Indiana University Graduate w/ Stutter Inspires a Nation

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“…stop believing in those who cast doubt upon you, and to start believing in yourselves…”

As Parker Mantell made his way the podium to deliver Indiana University’s commencement speech, he confessed that he might not have been the obvious choice to deliver the address.

“As a person who stutters, I can be no more certain that, in this room and in this hall, are thousands of people who far more talented at public speaking than I am. At the same time, however, I can be no more certain that the message I have to share is one that must be heard.” Parker confidently stated.

He urged his classmates to rise above any doubts they might have about their abilities, no matter big or small. He cited Beethoven’s deafness, Ray Charles’ blindness and Albert Einstein’s dyslexia as examples of disabilities that failed to get in the way of their success.

He mentioned President Franklin Roosevelt, that he “couldn’t walk. Imagine if he had never dared to run. Imagine what you are depriving our world of if you never dare to achieve your purpose.”

Parker Mantell, a 21 year old who just graduated on May 10 with a political science degree, recently commented that his speech, which has since gone viral, was all about encouraging his fellow students.

“I felt incredibly blessed to be presented with the platform to inspire others,” he said in an email. “It is my greatest hope that I have done so in the days following my speech. Ultimately, however, none of this is about me or what I have done — it’s about people becoming what I know they can be.”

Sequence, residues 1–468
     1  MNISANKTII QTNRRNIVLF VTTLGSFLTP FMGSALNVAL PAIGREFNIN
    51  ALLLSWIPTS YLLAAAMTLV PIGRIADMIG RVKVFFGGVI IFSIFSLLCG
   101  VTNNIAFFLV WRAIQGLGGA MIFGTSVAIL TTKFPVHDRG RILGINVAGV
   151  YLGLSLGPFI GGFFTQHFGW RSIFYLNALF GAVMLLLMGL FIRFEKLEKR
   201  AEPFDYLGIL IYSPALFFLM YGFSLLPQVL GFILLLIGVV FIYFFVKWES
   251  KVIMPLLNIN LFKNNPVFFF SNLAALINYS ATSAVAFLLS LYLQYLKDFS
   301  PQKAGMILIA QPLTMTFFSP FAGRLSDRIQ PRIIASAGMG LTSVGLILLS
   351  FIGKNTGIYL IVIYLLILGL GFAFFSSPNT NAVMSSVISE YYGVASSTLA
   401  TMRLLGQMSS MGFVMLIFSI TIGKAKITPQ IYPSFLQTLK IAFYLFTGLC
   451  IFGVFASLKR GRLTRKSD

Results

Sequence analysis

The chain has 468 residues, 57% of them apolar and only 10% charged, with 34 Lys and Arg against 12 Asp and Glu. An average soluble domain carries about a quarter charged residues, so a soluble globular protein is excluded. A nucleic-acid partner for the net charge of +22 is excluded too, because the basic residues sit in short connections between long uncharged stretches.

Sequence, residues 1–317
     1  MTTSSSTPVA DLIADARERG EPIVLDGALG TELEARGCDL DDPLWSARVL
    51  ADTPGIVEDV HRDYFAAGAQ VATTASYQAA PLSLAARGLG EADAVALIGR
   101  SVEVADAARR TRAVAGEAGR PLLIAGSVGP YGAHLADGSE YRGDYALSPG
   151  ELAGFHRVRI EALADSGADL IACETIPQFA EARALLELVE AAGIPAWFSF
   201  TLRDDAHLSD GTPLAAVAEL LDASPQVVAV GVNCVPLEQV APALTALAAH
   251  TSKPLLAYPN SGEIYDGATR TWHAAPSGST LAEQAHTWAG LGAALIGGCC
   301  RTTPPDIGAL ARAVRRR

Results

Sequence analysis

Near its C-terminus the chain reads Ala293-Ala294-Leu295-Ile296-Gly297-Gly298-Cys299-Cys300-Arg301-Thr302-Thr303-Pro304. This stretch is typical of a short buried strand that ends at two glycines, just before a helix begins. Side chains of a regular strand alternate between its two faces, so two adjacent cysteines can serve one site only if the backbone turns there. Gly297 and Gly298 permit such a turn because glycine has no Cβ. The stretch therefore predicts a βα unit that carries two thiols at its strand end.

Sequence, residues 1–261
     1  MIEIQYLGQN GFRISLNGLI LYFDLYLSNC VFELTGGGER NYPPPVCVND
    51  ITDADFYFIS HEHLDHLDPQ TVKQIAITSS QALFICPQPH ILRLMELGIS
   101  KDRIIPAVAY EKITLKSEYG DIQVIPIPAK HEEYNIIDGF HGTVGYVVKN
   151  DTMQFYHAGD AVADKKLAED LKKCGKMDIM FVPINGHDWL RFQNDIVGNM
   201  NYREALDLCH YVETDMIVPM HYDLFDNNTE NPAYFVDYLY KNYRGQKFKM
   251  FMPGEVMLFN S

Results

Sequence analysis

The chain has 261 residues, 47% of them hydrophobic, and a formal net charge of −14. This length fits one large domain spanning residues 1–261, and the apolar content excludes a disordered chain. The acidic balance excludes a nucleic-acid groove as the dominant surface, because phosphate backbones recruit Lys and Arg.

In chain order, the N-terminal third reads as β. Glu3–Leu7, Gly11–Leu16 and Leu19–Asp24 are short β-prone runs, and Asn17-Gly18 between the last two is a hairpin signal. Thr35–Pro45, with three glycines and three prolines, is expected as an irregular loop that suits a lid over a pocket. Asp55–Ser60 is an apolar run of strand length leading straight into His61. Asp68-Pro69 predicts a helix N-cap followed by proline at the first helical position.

He was selected for the opportunity to deliver the Indiana University’s commencement speech after he responded to a call for applications, knowing that this would involve speaking in front of over 17,000 people. He commented that he didn’t want to regret not taking the chance. He prepared for the commencement speech by videotaping himself practicing every day and taking notes on his performance.

During the speech, Parker credits the faculty at Indiana University for pushing him far beyond his expectations, rather than speaking to his seaming ‘disabilities’ due to his speech impediment. This encouraged him to go after many high-profile internships that found him answering calls for House Majority Leader Eric Cantor, conducting tours of the Capitol for Florida Sen. Marco Rubio, and working in the office of New Jersey Gov. Chris Christie.

“I mention those experiences not out of individual pride or out of vanity, but rather out of desire to share Indiana University’s role in dispelling the idea that someone who is barely able to talk for himself can dream big enough to talk for public servants,” he said. “While any other university might have instructed me to manage those expectations, IU taught me to grow them.”

Parker has commented that he’d like to pursue a career in public service, whether that be through government, politics or law. He urged his classmates to reach for their dreams, regardless of the challenges that lie before them.

“Doubt, as has been observed, kills more dreams than failure ever will,” he said. “Yet if doubt were to be a disease, its cure would be confidence.”

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